After her mother chased her father around the kitchen with a butcher knife, I wasn’t allowed to go to Cristina’s house.
He saved himself by shimmying under the chipped Formica table pushed right next to the white-enameled iron sink, also chipped and always towering with weeks’ worth of dishes. I wasn’t worried about him so much as Cristina – my mother agreed and swept Cristina over, with some clothes, to our place to stay for a few weeks – as even his ability to rear fluffy yellow chicks in the basement couldn’t overpower the whiff of creepy surrounding him. I wasn’t much surprised about her mother, either, because surely no one could have such a glassy stare for so long without something happening.
But I kept thinking about, and still keep thinking about, the house. It was a big white plastered and columned Greek Revival. Unseen from the street, on top of a thickly wooded hill that interrupted our tidy lines of ranches and split-levels, it seemed to me magically unreal as I’d wind up the weedy rambling drive catching peeks of what seemed like a giant’s wedding cake or a place where Lincoln or maybe Washington had lived once. Then again, Cristina’s great-grandfather, who designed and built the house, moved here from Virginia and quite naturally carried with him all sorts of neoclassicisms. When the house became too much for his grandson to keep up, the next generation from Virginia moved to Tennessee to take over the place, in time for Cristina to join me in fourth grade.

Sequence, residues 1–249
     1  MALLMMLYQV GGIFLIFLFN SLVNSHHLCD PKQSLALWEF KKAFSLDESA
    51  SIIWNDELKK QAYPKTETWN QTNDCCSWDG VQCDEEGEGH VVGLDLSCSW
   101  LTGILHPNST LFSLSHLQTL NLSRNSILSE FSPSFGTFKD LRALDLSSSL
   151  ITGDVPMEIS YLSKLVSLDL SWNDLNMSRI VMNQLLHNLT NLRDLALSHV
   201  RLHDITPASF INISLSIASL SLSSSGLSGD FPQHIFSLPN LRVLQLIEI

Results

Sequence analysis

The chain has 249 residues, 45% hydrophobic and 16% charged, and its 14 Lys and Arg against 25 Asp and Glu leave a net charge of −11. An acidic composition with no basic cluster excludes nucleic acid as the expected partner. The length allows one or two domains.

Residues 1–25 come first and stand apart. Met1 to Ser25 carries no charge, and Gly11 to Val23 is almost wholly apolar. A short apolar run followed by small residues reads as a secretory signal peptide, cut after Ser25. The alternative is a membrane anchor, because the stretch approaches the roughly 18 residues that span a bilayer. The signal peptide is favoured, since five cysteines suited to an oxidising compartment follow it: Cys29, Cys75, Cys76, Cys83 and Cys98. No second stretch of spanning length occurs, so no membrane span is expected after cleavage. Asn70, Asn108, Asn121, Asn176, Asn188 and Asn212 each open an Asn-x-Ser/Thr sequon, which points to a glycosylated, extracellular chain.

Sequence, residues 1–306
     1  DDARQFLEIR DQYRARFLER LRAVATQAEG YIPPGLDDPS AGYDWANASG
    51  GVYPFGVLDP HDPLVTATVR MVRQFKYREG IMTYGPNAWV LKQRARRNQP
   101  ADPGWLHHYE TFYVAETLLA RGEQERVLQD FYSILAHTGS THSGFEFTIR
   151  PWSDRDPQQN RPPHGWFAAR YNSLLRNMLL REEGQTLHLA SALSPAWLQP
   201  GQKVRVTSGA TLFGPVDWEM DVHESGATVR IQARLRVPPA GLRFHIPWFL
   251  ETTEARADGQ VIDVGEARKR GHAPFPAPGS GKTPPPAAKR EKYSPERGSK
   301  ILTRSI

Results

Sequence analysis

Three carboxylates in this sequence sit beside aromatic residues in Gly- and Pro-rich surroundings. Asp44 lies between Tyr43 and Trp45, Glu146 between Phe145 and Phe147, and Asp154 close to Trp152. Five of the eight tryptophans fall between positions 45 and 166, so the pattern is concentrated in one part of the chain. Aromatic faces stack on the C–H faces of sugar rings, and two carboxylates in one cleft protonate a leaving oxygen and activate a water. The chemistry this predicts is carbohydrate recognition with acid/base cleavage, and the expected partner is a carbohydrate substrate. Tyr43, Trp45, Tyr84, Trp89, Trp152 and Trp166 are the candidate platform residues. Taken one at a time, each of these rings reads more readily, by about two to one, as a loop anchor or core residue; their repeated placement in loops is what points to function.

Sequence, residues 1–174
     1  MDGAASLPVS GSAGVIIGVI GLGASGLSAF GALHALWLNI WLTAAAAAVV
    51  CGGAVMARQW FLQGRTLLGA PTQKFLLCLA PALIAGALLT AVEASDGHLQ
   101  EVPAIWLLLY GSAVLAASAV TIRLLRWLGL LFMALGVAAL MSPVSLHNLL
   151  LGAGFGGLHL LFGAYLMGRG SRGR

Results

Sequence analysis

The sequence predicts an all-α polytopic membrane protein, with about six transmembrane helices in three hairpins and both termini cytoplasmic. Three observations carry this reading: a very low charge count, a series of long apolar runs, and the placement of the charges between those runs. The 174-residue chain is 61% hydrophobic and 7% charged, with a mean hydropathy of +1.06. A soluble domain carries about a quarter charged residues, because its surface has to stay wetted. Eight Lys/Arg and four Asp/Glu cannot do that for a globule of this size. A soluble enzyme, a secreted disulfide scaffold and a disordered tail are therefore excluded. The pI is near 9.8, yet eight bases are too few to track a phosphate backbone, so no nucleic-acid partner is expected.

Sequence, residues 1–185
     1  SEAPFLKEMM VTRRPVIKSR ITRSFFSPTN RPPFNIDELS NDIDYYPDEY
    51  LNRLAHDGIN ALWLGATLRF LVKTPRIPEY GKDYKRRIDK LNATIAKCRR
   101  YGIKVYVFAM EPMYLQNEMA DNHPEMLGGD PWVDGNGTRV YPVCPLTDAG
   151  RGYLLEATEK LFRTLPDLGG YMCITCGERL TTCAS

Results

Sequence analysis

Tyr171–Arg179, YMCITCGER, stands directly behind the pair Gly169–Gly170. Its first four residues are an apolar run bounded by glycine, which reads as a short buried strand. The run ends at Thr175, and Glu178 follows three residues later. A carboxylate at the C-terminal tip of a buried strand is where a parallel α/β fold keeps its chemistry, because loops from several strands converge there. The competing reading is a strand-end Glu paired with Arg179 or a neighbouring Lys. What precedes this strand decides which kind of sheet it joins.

I didn’t know how the plaster could look so bright when nothing in it or around it was clean. Perhaps the assortment of broken-down cars rusting at intervals among the white oaks was not unusual for our neighborhood (apart from its abundance), but the rest of the house required an unusual amount of care when you wanted a place to sit on or lean on. When you jumped up the stack of concrete blocks in place of the porch that had rotted away long ago, you came into the front room, which I couldn’t call a living room because it didn’t have any furniture for living in.
But that was okay, because we would ascend the gorgeous set of stairs straight out of Gone with the Wind–somehow in perfect shape and always gleaming, leading to a gracefully curving balustrade with ornately carved spindles–and shut the door behind Cristina’s tiresome, wistful sister and marauding brothers. And in her room, which had been her mother’s childhood bedroom, was another of the few miraculously preserved parts of the house: a solid-cherry bookcase, like the spindles also graceful with whimsical carvings. The shelves were filled with her mother’s books, paperbacks from the 70s, and her mother’s mother’s books, hardback, which I didn’t usually see outside of libraries. Some were even leather-bound with gold lettering, maybe from her mother’s mother’s mother, and these I wouldn’t dare touch.